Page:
Two things would happen if the sun somehow
stopped producing light and heat all of a sudden.
First, the earth would begin to steadily cool
down without the heat of the sun warming it.
Within a few days the surface of the earth
would be below freezing. Large bodies of
water like the oceans cool down much slower
than land, so the oceans would remain warmer
for a time, but the surface of the ocean would
eventually freeze after several months, but
the water underneath the surface probably won’t
freeze for a very long time. At this point the
surface of the earth would be too cold for most
plants and animals to survive and there would
be no available liquid water to drink. After
the oceans freeze, the earth will continue to cool
for a thousand years or so until it reaches a
temperature of -400 degrees Fahrenheit, at which
point the atmosphere would be unstable and will
The second thing that would happen is that
photosynthesis would immediately stop
no longer be able to grow without the energy of
the sun. Most plants would die within a few
but some trees can slow down their metabolism in
winter and could survive for quite some time
without sunlight. Eventually, after several
decades of no sunlight, even large tress would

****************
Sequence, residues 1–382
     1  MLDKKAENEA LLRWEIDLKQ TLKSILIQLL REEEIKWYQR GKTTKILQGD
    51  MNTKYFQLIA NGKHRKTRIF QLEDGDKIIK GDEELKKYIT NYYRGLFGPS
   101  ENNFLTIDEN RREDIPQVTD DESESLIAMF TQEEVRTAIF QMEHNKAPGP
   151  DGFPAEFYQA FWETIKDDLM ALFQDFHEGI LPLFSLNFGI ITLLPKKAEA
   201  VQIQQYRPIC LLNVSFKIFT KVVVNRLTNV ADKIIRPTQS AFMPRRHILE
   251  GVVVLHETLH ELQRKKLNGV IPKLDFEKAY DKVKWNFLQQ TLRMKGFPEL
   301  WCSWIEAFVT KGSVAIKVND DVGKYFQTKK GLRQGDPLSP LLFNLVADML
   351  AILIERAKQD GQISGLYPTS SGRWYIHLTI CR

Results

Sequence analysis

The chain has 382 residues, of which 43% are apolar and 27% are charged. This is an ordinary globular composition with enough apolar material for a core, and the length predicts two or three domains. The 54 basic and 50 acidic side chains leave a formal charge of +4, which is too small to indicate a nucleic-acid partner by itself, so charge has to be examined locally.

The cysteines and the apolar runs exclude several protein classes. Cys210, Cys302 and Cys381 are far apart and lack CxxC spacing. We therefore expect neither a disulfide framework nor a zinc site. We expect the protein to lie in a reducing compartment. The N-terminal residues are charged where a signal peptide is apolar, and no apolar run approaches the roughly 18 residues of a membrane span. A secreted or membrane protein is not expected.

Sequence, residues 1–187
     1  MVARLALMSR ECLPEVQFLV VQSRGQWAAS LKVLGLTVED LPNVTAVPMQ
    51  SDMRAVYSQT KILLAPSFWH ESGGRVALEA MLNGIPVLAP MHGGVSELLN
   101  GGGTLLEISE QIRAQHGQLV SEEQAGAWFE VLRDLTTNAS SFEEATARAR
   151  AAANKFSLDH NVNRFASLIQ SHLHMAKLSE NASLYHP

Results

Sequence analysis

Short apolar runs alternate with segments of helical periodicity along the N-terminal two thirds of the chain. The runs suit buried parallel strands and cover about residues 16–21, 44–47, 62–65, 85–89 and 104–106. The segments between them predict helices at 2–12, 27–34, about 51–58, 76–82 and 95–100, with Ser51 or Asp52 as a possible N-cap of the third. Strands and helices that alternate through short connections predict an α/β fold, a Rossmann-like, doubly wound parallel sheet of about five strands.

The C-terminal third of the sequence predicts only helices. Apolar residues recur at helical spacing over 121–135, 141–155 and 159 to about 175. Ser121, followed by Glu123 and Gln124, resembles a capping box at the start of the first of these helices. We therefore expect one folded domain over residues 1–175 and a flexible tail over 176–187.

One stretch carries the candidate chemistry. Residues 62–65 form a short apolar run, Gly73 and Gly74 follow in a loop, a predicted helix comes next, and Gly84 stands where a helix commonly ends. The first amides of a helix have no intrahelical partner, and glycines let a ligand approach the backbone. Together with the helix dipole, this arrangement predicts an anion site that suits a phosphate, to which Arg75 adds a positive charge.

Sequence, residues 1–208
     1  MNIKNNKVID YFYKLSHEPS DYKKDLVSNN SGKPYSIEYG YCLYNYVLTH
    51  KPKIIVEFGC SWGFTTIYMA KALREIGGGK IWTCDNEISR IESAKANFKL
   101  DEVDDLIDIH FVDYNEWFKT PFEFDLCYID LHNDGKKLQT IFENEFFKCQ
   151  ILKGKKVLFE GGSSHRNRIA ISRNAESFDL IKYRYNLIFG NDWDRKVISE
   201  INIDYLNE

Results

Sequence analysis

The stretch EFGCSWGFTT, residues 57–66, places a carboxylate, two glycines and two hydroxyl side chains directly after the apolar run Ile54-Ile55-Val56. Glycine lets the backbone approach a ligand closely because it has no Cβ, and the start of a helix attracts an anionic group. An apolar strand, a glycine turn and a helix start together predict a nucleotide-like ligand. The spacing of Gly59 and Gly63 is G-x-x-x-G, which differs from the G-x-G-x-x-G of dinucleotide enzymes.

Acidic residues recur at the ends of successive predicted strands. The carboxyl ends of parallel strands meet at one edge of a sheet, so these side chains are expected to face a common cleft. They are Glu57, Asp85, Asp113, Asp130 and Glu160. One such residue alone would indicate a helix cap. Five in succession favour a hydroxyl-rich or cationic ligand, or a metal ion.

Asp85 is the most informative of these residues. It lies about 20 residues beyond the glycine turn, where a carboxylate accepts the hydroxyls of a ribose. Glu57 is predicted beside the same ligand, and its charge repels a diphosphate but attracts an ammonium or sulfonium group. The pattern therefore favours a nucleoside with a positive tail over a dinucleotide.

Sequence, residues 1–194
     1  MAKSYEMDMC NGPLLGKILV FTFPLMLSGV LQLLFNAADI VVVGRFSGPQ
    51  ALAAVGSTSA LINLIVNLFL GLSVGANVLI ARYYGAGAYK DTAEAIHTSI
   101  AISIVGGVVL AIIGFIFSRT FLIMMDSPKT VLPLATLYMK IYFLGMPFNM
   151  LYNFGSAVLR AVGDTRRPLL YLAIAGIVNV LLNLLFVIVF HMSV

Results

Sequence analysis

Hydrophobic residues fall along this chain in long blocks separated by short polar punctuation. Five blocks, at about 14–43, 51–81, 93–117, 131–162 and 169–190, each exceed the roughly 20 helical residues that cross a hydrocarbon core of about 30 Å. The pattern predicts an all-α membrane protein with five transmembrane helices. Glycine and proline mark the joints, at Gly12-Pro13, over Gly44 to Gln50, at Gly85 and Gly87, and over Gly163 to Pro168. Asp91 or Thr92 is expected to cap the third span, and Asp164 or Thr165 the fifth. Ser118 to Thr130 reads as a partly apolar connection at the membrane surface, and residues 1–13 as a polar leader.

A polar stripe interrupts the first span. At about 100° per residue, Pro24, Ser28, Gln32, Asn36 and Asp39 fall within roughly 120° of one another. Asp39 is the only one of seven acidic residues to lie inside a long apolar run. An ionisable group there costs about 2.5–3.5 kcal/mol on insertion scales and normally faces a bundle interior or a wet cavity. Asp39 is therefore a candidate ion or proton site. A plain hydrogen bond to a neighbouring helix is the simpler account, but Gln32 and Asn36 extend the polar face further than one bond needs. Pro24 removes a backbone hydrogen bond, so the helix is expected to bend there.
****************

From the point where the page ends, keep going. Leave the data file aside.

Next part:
begin to die without photosynthesis. Since plants
are a major food source in the earth’s ecosystem,
most of the animals would die as soon as their
food source is gone. Scavengers would be the last
to survive since they survive on dead and decaying
organisms; howevermost life would perish within
the first year.
In the deep oceans, near some geothermal vents,
and insulated by the frozen layer of water at the
surface, some chemosynthetic bacteria and archaea
who never see much of the sun anyway and rely on
geothermal energy could continue to survive for
many 1000s of years without any problem, so
life-itself could last quite a while, but most of
the organisms that live on the surface of the
earth would not survive past one year.
Depends on what you mean by "out". If you were
to turn off nuclear fusion in the sun, it would
probably be about ten thousand years before
anybody on Earth would notice. This is
because the sun is very big, so it would take
time for it to cool off, and because the
reason why the sun is bright is because it is hot.
That heat comes from nuclear fusion, but the light
that we see is not from the core where the nuclear
reactions take place, but from the surface.
Even if the sun were to go out, however, there
are hot springs and other hydrothermal vents
created by volcanic activity that still provide
enough heat and chemical energy for some forms of
life to exist. Removing the sun would not
destroy these vents, even though the rest of the
Earth would freeze. These vents will probably
continue to exist for billions of years, as they
have existed for billions of years already.
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